Kate Trewin – MSc candidate
My Masters research will be undertaken in partnership with Museum Victoria and will begin by building an acoustic database of avian vocalisations. From there I will use this database to create a set of species specific vocalisation ‘recognisers’ capable of identifying Australian parrots in field recordings. Australia has the highest number of endemic parrot species in the world, a large portion of which has recorded declining numbers in recent years. The development of a toolbox for the automated identification of parrot species will make presence/absence surveys cheaper, faster and overall less labour intensive, enabling more economically viable monitoring programmes.
Timon van Asten – PhD candidate
Timon’s main interest is in individual differences in behaviour between animals (also known as ‘animal personality’). Individual variation in personality traits has the potential to be of influence on factors such as the timing and distance of dispersal. For his PhD he combined experimental and observational data to examine whether there is a relationship between personality and dispersal in a cooperatively breeding bird, the superb fairy-wren (Malurus cyaneus).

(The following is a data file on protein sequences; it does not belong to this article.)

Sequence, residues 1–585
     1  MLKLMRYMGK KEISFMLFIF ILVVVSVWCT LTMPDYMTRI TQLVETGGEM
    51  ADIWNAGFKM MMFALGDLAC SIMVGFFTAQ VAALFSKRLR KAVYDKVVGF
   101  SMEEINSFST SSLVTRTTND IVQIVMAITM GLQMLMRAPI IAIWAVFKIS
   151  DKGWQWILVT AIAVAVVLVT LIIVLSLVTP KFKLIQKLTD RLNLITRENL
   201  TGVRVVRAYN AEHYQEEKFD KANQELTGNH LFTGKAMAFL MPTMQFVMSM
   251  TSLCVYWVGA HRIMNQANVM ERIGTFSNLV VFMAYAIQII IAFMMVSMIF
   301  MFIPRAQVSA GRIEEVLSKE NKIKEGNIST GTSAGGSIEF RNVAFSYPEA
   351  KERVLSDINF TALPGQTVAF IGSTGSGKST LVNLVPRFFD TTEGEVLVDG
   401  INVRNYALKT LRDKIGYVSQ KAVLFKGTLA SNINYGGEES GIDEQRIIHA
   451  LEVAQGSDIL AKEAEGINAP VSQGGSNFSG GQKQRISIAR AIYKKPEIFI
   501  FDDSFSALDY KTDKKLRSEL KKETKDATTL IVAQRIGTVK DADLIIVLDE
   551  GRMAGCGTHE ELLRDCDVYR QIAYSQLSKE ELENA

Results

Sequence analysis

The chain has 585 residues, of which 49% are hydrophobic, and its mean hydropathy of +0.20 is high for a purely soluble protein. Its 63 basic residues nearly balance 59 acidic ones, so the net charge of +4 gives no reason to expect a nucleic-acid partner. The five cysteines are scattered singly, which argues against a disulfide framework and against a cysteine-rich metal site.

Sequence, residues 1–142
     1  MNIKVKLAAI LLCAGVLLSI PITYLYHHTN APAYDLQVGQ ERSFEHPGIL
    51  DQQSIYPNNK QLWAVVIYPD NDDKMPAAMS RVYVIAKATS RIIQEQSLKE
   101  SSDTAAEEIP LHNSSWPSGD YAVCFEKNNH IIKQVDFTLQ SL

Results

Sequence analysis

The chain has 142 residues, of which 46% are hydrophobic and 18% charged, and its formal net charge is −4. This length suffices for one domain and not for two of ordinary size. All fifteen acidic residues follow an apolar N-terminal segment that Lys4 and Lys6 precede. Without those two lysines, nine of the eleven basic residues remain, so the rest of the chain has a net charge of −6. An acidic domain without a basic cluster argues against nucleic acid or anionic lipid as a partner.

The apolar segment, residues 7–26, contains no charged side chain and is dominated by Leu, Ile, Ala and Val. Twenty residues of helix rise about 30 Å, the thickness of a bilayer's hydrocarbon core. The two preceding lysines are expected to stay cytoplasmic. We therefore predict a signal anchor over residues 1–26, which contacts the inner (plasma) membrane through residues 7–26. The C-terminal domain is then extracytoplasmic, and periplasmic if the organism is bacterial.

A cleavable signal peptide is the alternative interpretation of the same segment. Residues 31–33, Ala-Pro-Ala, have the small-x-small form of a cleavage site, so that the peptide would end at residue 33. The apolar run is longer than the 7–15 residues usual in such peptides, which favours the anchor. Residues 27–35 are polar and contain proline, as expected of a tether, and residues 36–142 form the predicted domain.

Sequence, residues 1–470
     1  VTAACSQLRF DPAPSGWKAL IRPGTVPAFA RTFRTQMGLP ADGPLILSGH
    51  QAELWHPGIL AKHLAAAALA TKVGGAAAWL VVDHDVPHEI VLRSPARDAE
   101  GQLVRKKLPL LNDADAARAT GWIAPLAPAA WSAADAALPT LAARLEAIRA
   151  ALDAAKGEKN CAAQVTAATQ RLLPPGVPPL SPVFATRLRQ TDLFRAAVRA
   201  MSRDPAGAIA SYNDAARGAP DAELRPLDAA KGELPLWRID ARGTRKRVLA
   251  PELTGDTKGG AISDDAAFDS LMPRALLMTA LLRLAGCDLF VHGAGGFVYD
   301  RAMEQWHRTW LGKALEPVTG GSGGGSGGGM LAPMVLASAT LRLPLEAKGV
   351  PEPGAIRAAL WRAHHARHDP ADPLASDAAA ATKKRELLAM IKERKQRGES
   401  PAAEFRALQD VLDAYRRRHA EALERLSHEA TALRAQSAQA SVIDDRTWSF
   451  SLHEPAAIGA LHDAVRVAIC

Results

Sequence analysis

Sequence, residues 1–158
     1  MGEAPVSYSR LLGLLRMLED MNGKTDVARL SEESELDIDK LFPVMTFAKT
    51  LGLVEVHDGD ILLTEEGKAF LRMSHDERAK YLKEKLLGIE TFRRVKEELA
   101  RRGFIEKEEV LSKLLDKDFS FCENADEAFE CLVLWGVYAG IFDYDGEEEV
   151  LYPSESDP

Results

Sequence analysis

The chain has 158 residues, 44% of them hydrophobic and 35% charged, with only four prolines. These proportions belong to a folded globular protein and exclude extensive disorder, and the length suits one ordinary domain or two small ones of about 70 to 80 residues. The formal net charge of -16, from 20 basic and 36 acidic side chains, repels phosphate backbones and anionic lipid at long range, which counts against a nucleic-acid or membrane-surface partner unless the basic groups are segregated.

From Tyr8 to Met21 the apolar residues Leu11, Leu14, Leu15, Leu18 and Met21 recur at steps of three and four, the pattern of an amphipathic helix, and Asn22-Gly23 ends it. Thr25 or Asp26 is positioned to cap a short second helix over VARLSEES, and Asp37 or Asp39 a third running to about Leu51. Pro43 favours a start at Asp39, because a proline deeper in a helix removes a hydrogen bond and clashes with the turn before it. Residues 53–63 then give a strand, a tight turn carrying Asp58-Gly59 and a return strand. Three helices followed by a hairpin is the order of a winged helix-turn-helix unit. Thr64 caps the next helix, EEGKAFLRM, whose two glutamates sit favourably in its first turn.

Chris Hartnett – MSc candidate
After completing her Bachelor of Science (Zoology) at the University of Melbourne in 2013, Chris joined the Mulder Lab in 2014 as a Masters candidate. Her interests include animal communication and reproductive behaviour, and her research focused on female mate choice in the endangered Eastern Barred Bandicoot (Perameles gunnii). Through this research and her future work, she hopes to contribute to threatened species conservation.
Christopher McCormack – MSc candidate
Chris’s research investigated the reproductive behaviour of Black Swans, looking at drivers of breeding propensity, an area of fundamental importance to our understanding of the life-histories of long-lived vertebrates. He undertook a study of the long-term breeding trends of the Albert Park population, researching both population and individual level determinants of reproductive effort
Amellia Formby – MSc candidate